We recently met with Brent Grinna from EverTrue, which provides social data analysis for advancement. The company has a great handle on how development offices can manage streams of social data to determine the likelihood of potential donors to contribute to the institution. We believe that EverTrue’s long-term opportunity is their ability to move horizontally into other engagement areas across the student lifecycle. While recognizing that they aren’t there quite yet, their social data capabilities could easily be brought to bear on engagement challenges in recruiting, enrollment, and retention. Eduventures expects that this set of capabilities will expand across the enterprise, as additional companies offer more tools to leverage “big data” streams from social media sources throughout the student lifecycle. Imagine being able to predict whether a student is going to enroll at your institution based on what they say about their campus visit on their Facebook page. Or whether a current student is likely to transfer based on the multiple photos they shared on Instagram with positive comments (and plenty of Emoji) from their visit to another college’s campus. This likely future is closer than you may believe, as other companies such as Oracle and their enterprise CRM offering are already including off-the-shelf integration with social data streams.
Horizontal consolidation of student data and services is the name of the game, and Hobsons wants to be the winner. With its recent acquisitions in the areas of enrollment management and retention solutions, specifically the February 23rd announcement of its deal to acquire Starfish, Hobsons is providing a horizontal view of the student lifecycle to its customers. Other companies have approached horizontal integration before, with vastly different approaches and levels of success. Oracle has acquired small and large companies alike to plug into its suite of products to provide a longitudinal view of the student learner. Previously, the now bankrupt ConnectEDU attempted to align products and services from lifecycle segments as diverse as college applications and workforce placement, only to have to spin off again into separate businesses after horizontal integration never came to fruition. It remains to be seen if Hobsons’ investments in these additional products will pay off, but Brian Mikesell of Hobsons is confident that the disparate technologies and platforms can be tightly integrated with the core Hobsons student data management platform to deliver on their expectations.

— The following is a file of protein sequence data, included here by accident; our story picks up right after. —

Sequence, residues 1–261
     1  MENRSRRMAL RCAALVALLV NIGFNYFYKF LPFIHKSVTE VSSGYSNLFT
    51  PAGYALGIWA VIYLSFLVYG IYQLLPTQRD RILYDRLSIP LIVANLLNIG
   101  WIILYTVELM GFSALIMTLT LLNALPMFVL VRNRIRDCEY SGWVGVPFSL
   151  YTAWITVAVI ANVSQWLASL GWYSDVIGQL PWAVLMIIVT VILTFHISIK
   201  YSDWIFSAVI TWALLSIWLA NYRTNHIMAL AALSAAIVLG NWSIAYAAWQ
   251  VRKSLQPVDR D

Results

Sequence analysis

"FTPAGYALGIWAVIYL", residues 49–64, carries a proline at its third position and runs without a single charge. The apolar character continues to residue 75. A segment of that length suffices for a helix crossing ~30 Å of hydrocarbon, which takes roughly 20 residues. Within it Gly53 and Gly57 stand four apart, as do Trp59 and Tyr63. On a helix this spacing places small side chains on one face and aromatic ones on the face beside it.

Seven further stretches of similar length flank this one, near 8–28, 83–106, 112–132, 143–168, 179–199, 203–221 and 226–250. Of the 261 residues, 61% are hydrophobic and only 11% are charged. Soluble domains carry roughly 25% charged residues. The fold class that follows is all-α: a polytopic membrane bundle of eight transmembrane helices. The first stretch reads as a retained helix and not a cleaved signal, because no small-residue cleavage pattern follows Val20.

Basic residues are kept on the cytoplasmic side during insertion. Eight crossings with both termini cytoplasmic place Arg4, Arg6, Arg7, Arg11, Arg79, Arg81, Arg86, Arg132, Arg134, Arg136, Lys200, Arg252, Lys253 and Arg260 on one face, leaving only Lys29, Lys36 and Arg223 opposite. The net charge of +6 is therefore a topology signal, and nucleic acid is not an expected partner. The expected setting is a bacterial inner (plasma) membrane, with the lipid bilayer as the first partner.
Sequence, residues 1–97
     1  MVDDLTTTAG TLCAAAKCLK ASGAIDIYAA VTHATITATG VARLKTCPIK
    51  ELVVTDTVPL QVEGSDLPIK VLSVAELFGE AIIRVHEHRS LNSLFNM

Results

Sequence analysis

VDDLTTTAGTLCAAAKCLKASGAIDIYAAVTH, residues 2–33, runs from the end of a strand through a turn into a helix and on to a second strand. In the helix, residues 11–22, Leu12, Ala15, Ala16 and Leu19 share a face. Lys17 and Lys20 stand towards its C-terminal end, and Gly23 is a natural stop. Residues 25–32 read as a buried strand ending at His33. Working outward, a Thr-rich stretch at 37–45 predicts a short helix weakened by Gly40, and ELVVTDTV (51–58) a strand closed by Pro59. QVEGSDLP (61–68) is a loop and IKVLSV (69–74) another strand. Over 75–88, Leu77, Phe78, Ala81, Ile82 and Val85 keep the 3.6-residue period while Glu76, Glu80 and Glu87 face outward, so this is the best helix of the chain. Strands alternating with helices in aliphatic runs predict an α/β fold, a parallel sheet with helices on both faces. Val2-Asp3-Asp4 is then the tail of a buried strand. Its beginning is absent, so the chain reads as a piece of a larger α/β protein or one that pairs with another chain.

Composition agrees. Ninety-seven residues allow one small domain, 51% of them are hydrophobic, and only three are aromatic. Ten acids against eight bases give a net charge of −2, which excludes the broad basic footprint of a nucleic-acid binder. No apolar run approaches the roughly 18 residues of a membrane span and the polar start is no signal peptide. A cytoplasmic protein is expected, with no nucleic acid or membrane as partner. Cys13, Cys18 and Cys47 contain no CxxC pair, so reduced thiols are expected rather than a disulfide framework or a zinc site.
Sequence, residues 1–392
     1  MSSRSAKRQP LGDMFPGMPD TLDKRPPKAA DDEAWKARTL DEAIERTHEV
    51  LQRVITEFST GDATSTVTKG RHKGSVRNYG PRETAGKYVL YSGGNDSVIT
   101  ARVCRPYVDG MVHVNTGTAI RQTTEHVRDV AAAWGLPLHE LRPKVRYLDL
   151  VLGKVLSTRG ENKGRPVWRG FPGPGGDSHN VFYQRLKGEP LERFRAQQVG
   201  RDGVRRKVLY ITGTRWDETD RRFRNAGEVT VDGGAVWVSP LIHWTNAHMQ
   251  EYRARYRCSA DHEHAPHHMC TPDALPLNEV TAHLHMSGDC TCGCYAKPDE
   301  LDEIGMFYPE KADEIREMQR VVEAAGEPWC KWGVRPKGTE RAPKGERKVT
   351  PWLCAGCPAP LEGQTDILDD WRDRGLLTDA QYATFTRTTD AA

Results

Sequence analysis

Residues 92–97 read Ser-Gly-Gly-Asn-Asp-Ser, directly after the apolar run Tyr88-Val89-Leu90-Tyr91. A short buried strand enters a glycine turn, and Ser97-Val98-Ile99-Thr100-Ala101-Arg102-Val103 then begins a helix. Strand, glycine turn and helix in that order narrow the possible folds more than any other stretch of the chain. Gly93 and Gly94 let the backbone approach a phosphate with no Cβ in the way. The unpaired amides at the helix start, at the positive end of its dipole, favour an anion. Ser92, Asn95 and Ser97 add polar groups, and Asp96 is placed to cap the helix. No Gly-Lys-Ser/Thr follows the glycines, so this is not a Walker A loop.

A trend has emerged on the learning management system (LMS) front in which student users of traditional systems are seeing shortfalls in how online engagement should be delivered and actively doing something about it. StudyCloud was founded by former University of Illinois users of the Blackboard LMS, including Akash Agarwal, who gave us a firsthand tour of their solution. It aims to solve a specific issue for users of any LMS or course management software: how to manage your study time outside of the classroom. Similarly, Chalkup hopes to do what more traditional LMS vendors have struggled with: focusing on ease of use and thrilling design principals to keep teachers and students engaged, whenever they are online and wherever that might be. Building on this trend, we expect to see more edtech start-ups attempting to fill various holes in larger platforms with single point solutions that are quick to deploy and solve some of the most pressing engagement issues as perceived by the users themselves.